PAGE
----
Sociologist Jennifer Dawn Carlson begins a very interesting essay on the complexity of women’s involvement in gun culture recounting her first day carrying a concealed handgun in public:
I remember looking at myself in the mirror that first morning, the familiar feminine ritual of checking my looks before heading out for the day disrupted by a new concern. I examined my hip for an unsightly bulge, hoping I had adequately concealed the handgun holstered on my right side.
This scene highlights two significant realities of Gun Culture 2.0: the growing number of women who are arming themselves for self-defense and the special challenges women face when they decide to carry concealed firearms.
Unfortunately, data on who has concealed carry permits is scarce. In her essay, Carlson notes that 20% of the 400,000+ Michigan Concealed Pistol License holders are women. In Florida, as the number of concealed weapon licenses has grown, so too has the percentage of women with them. In February 2014, women held 23% of the 1.237M valid state concealed weapon licenses, according to the Florida Department of Agriculture and Consumer Services. This is up from 15% of the 324K licenses in 2004. In Texas, for calendar year 2014, 26.7% of the 246K concealed handgun licenses issued by the Department of Public Safety were to women. In 2004, 16.8% of 54K licenses issued went to women.
The relationship between women and guns is complex, as portrayed in the documentary film “A Girl & a Gun” and the coffee table book Chicks with Guns and the scholarly study Her Best Shot: Women and Guns in America. Carlson adds complexity to this story by juxtaposing the “physical feminism” of women’s armed self-defense and the “masculine protectionism” enacted by many male gun carriers. (Masculine protectionism is “the idea that men have an exclusive duty to protect women and children.”)
Carlson concludes that, “The visceral, lived experience of guns is contradictory and contested. A woman’s gun can be a tool of embodied empowerment, but it can also be a vehicle of complicity with masculine protectionism. It might even be both, simultaneously. In a complicated, pro-gun country, the gendered meaning of the gun is double-barreled.”
Beyond this cultural negotiation is the basic reality that for women licensed to carry concealed firearms the practical issues are significant. For example, Kathy Jackson (The Cornered Cat) writes on her website, “As many women have discovered, the curvier you are, the more painful it can be to hold an unyielding chunk of metal firmly against your waistline. Faced with this simple biological fact, a lot of women simply give up on the idea of carrying a concealed handgun on the belt.”
Although she makes a case for carrying in a belt holster, in her post “How Do I Hide This Thing?” Jackson also recognizes that there are many holster options for women that allow for carrying a concealed firearm both “on-body” and “off-body.”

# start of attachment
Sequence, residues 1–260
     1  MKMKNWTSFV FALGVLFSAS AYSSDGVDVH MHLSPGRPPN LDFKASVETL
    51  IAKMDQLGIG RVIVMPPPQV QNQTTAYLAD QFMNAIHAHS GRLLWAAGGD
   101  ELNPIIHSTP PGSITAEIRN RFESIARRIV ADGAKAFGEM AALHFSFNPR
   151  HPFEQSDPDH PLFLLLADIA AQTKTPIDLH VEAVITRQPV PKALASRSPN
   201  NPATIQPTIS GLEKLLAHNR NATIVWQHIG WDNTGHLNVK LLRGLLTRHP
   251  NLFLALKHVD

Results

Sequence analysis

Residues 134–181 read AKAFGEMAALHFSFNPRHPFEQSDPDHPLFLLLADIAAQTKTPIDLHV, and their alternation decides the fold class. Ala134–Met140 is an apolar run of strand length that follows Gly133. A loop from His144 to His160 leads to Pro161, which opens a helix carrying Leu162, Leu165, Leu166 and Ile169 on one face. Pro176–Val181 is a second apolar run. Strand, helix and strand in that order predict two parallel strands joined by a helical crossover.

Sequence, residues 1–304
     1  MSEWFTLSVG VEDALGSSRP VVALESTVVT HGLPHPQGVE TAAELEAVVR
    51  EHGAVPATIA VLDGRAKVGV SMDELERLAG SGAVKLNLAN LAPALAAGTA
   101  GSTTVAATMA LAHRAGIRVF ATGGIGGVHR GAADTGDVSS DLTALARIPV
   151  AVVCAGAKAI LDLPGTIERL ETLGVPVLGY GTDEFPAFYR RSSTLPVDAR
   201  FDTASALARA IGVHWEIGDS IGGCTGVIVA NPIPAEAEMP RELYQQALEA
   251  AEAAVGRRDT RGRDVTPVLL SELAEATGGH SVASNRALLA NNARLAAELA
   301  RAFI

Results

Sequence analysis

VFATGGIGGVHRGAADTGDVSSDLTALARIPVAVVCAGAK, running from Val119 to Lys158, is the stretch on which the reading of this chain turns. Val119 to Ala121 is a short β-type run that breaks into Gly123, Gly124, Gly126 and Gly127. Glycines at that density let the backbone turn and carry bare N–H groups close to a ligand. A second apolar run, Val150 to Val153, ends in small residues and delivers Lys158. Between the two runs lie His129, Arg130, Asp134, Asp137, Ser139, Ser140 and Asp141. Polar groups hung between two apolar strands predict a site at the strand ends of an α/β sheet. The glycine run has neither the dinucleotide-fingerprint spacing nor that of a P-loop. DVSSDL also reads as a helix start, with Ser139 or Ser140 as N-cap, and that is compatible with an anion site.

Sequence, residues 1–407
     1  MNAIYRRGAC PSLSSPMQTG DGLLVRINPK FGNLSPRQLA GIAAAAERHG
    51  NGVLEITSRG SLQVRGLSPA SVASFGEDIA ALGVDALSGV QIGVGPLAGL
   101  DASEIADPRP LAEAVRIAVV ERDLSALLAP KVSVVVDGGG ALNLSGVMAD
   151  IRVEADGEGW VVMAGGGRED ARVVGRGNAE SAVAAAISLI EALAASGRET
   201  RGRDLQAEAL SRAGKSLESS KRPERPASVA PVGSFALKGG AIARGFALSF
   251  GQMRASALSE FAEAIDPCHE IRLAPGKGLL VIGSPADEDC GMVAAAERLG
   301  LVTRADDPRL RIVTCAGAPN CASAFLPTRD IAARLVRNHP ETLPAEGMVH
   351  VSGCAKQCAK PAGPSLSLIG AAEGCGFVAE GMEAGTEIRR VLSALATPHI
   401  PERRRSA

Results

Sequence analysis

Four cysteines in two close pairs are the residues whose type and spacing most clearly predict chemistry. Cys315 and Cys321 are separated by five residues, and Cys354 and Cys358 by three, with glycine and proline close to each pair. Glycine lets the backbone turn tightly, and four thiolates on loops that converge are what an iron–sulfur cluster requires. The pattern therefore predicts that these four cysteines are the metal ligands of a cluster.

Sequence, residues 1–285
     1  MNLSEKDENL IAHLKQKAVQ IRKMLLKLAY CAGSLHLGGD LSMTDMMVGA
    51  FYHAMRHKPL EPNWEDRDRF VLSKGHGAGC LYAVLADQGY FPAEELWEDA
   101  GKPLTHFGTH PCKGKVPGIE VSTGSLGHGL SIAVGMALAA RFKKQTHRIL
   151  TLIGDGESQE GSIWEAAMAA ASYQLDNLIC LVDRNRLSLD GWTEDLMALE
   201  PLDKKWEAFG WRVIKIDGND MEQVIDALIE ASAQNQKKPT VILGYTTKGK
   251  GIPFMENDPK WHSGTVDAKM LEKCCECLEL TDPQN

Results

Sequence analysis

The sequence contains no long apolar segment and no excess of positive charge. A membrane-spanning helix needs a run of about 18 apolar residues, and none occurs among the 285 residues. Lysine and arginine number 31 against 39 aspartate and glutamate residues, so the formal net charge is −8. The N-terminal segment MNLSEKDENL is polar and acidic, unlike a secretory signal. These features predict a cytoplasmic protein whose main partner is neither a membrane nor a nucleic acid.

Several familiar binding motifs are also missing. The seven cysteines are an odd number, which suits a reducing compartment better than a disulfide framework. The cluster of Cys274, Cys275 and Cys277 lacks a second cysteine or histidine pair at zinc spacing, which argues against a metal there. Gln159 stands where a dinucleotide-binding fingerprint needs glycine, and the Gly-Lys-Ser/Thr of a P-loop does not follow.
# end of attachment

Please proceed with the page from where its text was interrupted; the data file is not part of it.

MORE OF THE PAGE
Those who are not familiar with concealed carry of firearms may be surprised at the large number of options here. For on-body carry, there are ankle holsters, belly bands, inside and outside the waistband belt holsters, shoulder and thigh rigs, and even concealed carry underwear and bras. For off-body carry there are purses, fanny packs, planners and briefcases, and jackets or other cover garments designed for concealed carry.
Recently, the general population has become more familiar with a couple of these carry options. Sadly, not for good reasons.
In December 2014, 29-year-old research chemist and concealed carry permit holder Veronica Rutledge received a Gun Tote’n Mamas brand handbag from her husband as a Christmas gift. Like the concealed carry purse pictured above, it had a separate, dedicated pocket for a gun with a zippered closure.
A few days after Christmas, Rutledge took four children with her to a Wal-Mart in Hayden, Idaho. One of the children was her 2-year-old son, who was sitting in the shopping cart with her concealed carry handbag. He somehow managed not only to retrieve Rutledge’s Smith & Wesson M&P Shield 9mm semi-automatic handgun from the purse, but also fired a round that struck Rutledge in the head, killing her.
Gun Tote’n Mamas is one of many companies designing these handbags, including (according to Kathy Jackson) Coronado Leather, Galco, The Concealment Shop, and Designer Concealed Carry (Woolstenhulme). It has been featured in a commercial for the .380 ACP “Baby Glock” Model 42.
More recently, 55-year-old Christina Bond shot herself in the eye at her home in St. Joseph, Michigan on New Year’s Day. She died from the injury the following day. Several weeks later the St. Joseph Public Safety Department Director Mark Clapp explained, “She was having trouble adjusting her bra holster, couldn’t get it to fit the way she wanted it to. She was looking down at it and accidentally discharged the weapon.”
Although no brand was named in the St. Joseph incident, a very common example of a bra holster is the Flashbang. The following video gives some idea of how it works and some of the challenges involved in using it safely and effectively: